If so, let us first show that the local IC conditions and the SMSC implies the monotonicity.

The local IC conditions require: $$ \begin{align*} &u_q q_\theta + u_p p_\theta = 0\\ &u_{qq} (q_\theta)^2 + u_q q_{\theta \theta} + 2u_{qp}q_\theta p_\theta + u_{pp} (p_\theta)^2 + u_p p_{\theta \theta} < 0 \end{align*} $$

Taking the derivative of the first order condition with respect to $\theta$ produces: $$ u_{qq} (q_{\theta})^2 + u_q q_{\theta \theta} + 2 u_{qp} q_{\theta} p_\theta + u_{pp} (p_\theta)^2 + u_p p_{\theta \theta} + u_{q\theta} q_\theta + u_{p\theta}p_\theta = 0. $$

Using the second order conditions gives: $$ \begin{align*} &u_{q\theta} q_\theta + u_{p\theta} p_\theta > 0. \tag{1} \end{align*} $$ Next, the SMSC conditions require: $$ \partial_\theta(-u_q/u_p) > 0, $$ which is equivalent to (note that here the derivative of $\theta$ is only with respect to the third argument of $u_q$ and $u_p$): $$ \frac{-u_{q\theta} u_p + u_{p\theta} u_q}{(u_p)^2} > 0 $$ Multiplying by $(u_p)^2 > 0$ gives: $$ \begin{align*} -u_{q \theta} u_p + u_{p \theta} u_q> 0,\\ \end{align*} $$ Substituting the first order $u_p = - u_q \frac{q_\theta}{p_\theta}$ gives: $$ \begin{align*} &u_{q \theta}( u_q q_\theta/p_\theta) + u_{p \theta} u_q > 0,\\ \leftrightarrow &u_q \frac{1}{p_\theta} \left( u_{q \theta} q_\theta + u_{p \theta} p_\theta\right) > 0 \end{align*} $$ The second term is positive (equation $(1)$). This means that the first term $u_q/p_\theta$ is also positive.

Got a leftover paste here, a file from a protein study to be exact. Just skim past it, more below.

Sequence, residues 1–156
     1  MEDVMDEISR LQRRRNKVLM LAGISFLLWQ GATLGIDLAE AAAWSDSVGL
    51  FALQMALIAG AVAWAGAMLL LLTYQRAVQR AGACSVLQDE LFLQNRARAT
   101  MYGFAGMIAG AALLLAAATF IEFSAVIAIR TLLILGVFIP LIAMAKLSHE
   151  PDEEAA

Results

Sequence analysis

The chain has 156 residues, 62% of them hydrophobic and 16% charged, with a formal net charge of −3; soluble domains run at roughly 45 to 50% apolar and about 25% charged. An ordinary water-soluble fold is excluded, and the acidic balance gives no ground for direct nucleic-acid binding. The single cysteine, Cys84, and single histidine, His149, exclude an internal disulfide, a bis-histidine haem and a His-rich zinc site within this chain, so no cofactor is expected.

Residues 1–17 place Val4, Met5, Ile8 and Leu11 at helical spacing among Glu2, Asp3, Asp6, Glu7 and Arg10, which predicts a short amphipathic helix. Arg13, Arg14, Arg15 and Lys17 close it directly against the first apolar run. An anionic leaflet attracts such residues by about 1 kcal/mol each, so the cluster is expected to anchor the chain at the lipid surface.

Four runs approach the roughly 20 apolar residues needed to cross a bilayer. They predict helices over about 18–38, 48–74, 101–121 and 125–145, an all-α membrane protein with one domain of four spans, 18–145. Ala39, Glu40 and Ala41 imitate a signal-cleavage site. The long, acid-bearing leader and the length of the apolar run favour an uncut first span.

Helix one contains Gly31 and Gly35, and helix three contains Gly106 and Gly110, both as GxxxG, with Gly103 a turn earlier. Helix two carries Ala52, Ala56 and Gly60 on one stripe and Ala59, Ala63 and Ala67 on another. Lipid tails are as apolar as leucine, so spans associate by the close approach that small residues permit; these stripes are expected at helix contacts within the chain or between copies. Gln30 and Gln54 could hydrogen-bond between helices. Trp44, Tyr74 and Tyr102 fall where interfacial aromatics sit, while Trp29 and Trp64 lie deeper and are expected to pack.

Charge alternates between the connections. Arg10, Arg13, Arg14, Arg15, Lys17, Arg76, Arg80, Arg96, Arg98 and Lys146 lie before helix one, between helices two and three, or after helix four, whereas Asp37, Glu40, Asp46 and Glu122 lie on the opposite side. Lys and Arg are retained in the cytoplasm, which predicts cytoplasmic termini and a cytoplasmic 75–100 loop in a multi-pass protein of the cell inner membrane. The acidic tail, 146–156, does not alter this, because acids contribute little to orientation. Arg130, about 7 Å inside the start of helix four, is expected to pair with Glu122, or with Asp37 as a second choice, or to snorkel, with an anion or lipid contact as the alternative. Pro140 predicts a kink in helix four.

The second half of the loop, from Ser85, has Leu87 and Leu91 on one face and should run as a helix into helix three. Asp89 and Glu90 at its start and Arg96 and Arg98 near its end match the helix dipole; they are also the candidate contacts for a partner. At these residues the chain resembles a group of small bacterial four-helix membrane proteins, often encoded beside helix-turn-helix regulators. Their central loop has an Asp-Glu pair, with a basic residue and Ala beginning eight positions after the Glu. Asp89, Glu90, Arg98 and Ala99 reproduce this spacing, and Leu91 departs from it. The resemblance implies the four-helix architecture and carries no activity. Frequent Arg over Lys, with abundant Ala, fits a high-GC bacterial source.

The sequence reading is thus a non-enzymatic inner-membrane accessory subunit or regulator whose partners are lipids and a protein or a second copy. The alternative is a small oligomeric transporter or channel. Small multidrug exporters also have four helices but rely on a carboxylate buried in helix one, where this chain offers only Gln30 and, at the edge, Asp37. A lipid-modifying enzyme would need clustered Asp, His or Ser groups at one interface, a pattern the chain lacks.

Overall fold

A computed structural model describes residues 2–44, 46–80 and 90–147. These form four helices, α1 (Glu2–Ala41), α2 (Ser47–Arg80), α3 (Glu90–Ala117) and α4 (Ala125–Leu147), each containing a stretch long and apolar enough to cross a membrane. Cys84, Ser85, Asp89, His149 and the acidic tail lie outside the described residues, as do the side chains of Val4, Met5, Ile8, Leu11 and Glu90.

Using the first order condition $u_q = - u_p\frac{p_\theta}{q_\theta}$ gives: $$ -u_p \frac{1}{q_\theta} > 0. $$ As $u_p < 0$ we need that $q_\theta > 0$.

Now for the second derivation, assume that the local IC conditions, the SMSC and the monotonicity conditions are satisfied, we need to show the IC conditions hold. As in your question, assume this is not true. Then there is a $\theta$ and $\hat \theta$ such that: $$ u(q(\theta), p(\theta), \theta) < u(q(\hat \theta), p(\hat \theta), \theta). $$ Assume that $\hat \theta > \theta$.